Etomidate CAS 33125-97-2 Product Information
|(r)-(+)-1-(alpha-methylbenzyl)imidazole-5-carboxylicacidethylester;1-(1-phenylethyl)-,ethylester,(r)-1h-imidazole-5-carboxylicaci;1-(1-Phenylethyl)-1H-imidazole-5-carboxylic acid ethyl ester;1-(1-phenylethyl)-1h-imidazole-5-carboxylicacidethylester;Amidate, R16659;Imidazole-5-carboxylic acid, 1-(alpha-methylbenzyl)-, ethyl ester, (R)-(+);1-[(R)-α-Methylbenzyl]-1H-imidazole-5-carboxylic acid ethyl ester;
|160-162 °C(Press: 1 Torr)
|DMSO: >10 mg/mL
etomidate dose/etomidate dosage
Etomidate is a type of medication called a general anesthetic. It works by affecting the brain and nervous system to cause loss of consciousness and prevent pain during surgery or other procedures. Etomidate is given as an injection into a vein by a doctor or nurse. The dosage of etomidate depends on various factors, such as the patient’s age, weight, medical condition, and response to the medication. The usual adult dose for etomidate is 0.2 to 0.6 mg/kg given over 30 to 60 seconds. The usual pediatric dose for etomidate is 0.3 mg/kg given over 30 to 60 seconds. Etomidate should be used with caution in patients with heart problems, low blood pressure, adrenal insufficiency, or seizures.
etomidate mechanism of action
Etomidate works by binding to and activating a type of receptor in the brain and nervous system called the gamma-aminobutyric acid type A (GABA-A) receptor. This receptor is responsible for inhibiting the activity of nerve cells and producing sedation, relaxation, and anesthesia. By enhancing the effect of GABA-A receptors, etomidate reduces the transmission of pain signals and induces loss of consciousness. Etomidate also inhibits the production of a hormone called cortisol by the adrenal glands. Cortisol is involved in the body’s response to stress and inflammation. By lowering cortisol levels, etomidate may reduce the risk of complications during surgery or trauma. However, this effect may also cause side effects such as low blood pressure, nausea, vomiting, and adrenal insufficiency.
etomidate side effects
Etomidate may cause some side effects, such as:
- Low blood pressure
- Slow or irregular heartbeat
- Breathing problems
- Nausea and vomiting
- Involuntary muscle movements or twitching
- Pain or burning at the injection site
- Adrenal insufficiency (a condition where the adrenal glands do not produce enough hormones)
- Allergic reactions (such as rash, itching, swelling, or difficulty breathing)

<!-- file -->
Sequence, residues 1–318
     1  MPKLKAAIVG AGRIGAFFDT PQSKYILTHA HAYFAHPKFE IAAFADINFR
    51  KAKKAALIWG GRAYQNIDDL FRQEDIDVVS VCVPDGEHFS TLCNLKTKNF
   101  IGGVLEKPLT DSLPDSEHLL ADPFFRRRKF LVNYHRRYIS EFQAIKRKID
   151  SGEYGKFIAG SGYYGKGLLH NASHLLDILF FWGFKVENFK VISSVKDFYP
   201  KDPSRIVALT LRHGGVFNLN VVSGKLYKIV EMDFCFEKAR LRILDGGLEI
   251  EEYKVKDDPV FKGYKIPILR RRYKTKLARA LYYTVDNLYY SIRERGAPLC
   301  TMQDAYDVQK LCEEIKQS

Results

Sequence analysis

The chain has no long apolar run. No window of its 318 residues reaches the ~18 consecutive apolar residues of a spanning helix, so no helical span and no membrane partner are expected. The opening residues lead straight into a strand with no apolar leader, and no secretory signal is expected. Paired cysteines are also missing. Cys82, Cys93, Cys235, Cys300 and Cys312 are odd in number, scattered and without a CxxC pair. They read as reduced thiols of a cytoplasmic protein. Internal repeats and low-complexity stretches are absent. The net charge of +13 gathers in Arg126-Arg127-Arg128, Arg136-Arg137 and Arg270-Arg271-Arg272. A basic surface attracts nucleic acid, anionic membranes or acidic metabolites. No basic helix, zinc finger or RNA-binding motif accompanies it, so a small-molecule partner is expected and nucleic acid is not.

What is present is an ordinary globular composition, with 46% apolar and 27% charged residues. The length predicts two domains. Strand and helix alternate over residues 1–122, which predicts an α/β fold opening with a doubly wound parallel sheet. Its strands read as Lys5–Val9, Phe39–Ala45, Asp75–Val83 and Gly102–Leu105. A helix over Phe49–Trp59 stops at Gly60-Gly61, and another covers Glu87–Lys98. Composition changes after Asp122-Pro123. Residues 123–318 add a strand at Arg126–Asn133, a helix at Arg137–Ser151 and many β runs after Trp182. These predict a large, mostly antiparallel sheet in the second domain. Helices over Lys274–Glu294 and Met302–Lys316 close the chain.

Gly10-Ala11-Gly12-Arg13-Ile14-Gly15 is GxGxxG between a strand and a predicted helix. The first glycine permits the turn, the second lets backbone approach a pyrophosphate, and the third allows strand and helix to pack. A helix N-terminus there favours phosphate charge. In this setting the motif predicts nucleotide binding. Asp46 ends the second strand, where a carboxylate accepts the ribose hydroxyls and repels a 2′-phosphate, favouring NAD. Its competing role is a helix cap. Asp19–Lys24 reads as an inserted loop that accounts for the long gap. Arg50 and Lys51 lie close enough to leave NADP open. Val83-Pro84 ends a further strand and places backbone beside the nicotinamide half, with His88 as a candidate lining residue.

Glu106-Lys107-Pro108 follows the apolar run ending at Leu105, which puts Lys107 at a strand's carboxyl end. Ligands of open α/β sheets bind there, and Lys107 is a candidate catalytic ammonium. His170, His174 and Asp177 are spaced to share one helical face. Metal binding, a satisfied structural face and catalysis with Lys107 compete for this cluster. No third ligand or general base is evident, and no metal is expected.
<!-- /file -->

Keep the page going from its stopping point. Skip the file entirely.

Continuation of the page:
etomidate vs propofol
Etomidate and propofol are both general anesthetics that work by affecting the GABA-A receptors in the brain and nervous system. However, they have some differences in their pharmacology, efficacy, and safety. Some of the main differences are:
Etomidate has a faster onset and shorter duration of action than propofol. Etomidate is usually used for induction of anesthesia (the initial phase of anesthesia where the patient loses consciousness), while propofol is used for both induction and maintenance of anesthesia (the phase where the patient remains unconscious during the procedure).
Etomidate has less effect on the cardiovascular system than propofol. Etomidate does not lower blood pressure or heart rate as much as propofol, which may be beneficial for patients with heart problems or low blood volume. However, etomidate may cause more irregular heartbeats than propofol.
Etomidate inhibits cortisol production more than propofol. Etomidate may cause adrenal insufficiency, especially with repeated or prolonged use. Propofol does not affect cortisol levels significantly, but it may increase the risk of infection or inflammation due to its immunosuppressive effects.
Etomidate causes more nausea and vomiting than propofol. Etomidate may also cause more pain or burning at the injection site and more involuntary muscle movements or twitching than propofol. Propofol may cause more headache and dizziness than etomidate.
Etomidate and propofol have similar risks of allergic reactions and breathing problems. Both medications should be used with caution in patients with allergies, asthma, or other respiratory conditions.
The choice between etomidate and propofol depends on various factors, such as the patient’s medical history, the type and duration of the procedure, and the availability and cost of the medications. Your doctor or anesthesiologist will decide which medication is best for you based on your individual situation.
what is etomidate
Etomidate is a type of medication called a general anesthetic. It works by affecting the brain and nervous system to cause loss of consciousness and prevent pain during surgery or other procedures. Etomidate is given as an injection into a vein by a doctor or nurse. The dosage of etomidate depends on various factors, such as the patient’s age, weight, medical condition, and response to the medication. Etomidate has some advantages and disadvantages compared to other anesthetics, such as propofol. Your doctor or anesthesiologist will explain more about etomidate and its possible side effects before giving it to you.
etomidate and succinylcholine
Etomidate and succinylcholine are two medications that are often used together during rapid sequence intubation (RSI). RSI is a technique where a tube is inserted into the patient’s airway to help them breathe during an emergency situation. Etomidate is used to induce anesthesia and succinylcholine is used to relax the muscles of the throat and chest. This combination allows for a quick and smooth intubation with minimal complications. However, etomidate and succinylcholine may also cause some side effects, such as low blood pressure, irregular heartbeat, adrenal insufficiency, nausea, vomiting, muscle pain, and increased eye pressure. These side effects should be monitored and treated by the medical staff during and after the procedure. Etomidate and succinylcholine should only be used by trained professionals in a hospital setting.